The Duke Program on Medical Misinformation
Guiding Principles for Partnering with Patients

It is easy to find medical information. Countless websites, magazines, news outlets, and social media accounts offer guidance and advice on all sorts of health topics. Not every source of information we encounter, though, is accurate.

The Duke Program on Medical Misinformation aims to help providers and patients work together to identify inaccurate sources of information and build a new understanding on the foundation of evidence-based and credible sources.

In an American Journal of Public Health piece, cited by the U.S. Surgeon General, the program co-directors write:

“Encountering patient-held misinformation offers an opportunity for clinicians to learn about patient values, preferences, comprehension, and information diets. Systematically training health care professionals to address patient-held misinformation with empathy and curiosity, acknowledging time and resource constraints, will be a crucial contribution toward future mitigation of medical misinformation.”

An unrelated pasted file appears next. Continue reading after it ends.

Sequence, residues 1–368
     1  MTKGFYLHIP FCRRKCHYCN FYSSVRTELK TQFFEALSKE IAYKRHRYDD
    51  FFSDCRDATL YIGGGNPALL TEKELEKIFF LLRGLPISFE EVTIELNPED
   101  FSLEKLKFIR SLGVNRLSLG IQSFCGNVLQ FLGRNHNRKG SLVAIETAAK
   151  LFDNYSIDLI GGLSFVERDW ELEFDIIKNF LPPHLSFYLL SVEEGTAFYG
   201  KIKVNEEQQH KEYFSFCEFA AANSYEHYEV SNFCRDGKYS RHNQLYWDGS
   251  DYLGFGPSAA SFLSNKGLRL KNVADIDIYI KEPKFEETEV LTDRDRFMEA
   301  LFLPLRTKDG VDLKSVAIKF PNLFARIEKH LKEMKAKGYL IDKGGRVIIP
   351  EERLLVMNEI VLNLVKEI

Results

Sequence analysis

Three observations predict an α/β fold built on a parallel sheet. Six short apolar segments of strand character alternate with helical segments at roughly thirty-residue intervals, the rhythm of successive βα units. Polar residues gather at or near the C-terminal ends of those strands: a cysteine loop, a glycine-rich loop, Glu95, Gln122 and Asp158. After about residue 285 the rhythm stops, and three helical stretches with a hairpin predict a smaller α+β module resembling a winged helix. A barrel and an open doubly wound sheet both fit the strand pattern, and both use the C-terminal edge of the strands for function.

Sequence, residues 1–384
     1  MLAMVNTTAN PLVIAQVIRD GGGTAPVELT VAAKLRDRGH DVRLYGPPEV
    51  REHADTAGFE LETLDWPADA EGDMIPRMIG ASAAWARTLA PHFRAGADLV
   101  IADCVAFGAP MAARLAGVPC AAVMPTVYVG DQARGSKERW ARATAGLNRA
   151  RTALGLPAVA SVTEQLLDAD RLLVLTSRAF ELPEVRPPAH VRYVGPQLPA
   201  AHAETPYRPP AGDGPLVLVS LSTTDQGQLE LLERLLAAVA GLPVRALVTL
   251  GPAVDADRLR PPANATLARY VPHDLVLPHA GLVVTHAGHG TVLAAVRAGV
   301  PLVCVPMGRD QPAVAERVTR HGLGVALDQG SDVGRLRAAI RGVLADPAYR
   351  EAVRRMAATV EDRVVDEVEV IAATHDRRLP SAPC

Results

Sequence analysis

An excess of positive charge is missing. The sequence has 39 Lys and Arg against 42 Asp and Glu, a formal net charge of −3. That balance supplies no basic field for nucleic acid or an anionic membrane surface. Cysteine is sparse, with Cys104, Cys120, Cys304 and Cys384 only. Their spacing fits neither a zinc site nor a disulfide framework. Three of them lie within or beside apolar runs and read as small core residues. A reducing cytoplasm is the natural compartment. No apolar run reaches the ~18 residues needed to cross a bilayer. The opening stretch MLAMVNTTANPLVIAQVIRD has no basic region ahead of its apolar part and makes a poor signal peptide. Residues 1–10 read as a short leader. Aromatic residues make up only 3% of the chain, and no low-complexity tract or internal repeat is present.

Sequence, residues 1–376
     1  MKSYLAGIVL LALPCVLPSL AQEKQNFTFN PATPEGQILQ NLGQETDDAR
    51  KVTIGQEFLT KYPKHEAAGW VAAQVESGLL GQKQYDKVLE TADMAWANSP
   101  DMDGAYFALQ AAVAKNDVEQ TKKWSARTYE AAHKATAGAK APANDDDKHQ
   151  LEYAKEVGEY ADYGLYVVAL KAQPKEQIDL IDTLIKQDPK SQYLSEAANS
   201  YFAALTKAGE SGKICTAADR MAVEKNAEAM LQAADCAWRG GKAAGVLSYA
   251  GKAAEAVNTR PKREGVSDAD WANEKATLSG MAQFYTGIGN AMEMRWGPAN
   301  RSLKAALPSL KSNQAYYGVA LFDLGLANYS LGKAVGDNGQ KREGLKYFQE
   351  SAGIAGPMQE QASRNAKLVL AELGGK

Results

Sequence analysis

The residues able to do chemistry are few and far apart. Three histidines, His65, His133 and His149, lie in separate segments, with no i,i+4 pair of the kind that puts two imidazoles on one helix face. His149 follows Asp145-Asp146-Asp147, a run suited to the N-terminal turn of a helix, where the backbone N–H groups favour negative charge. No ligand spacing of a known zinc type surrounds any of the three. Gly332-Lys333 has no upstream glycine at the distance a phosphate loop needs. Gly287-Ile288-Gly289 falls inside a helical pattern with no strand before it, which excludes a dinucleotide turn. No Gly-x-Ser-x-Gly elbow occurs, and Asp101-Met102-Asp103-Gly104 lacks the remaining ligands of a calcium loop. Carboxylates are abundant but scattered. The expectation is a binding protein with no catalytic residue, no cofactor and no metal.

The program aims to build the patient-provider relationship in a way that encourages psychologically safe conversations about all types of medical information, regardless of accuracy. Through supportive interpersonal dialogue, providers and patients can work together to avoid the pitfalls of misinformation.


Brian Southwell, PhD
Senior Director, Science in the Public Sphere Program, RTI International
Adjunct Professor (Internal Medicine), Duke University School of Medicine

Jamie L. Wood, PhD
Assistant Professor of the Practice of Medical Education
Duke University School of Medicine

 Meet our Advisory Board.

Register for “Initiating the Conversation on Medical Myths and Misinformation”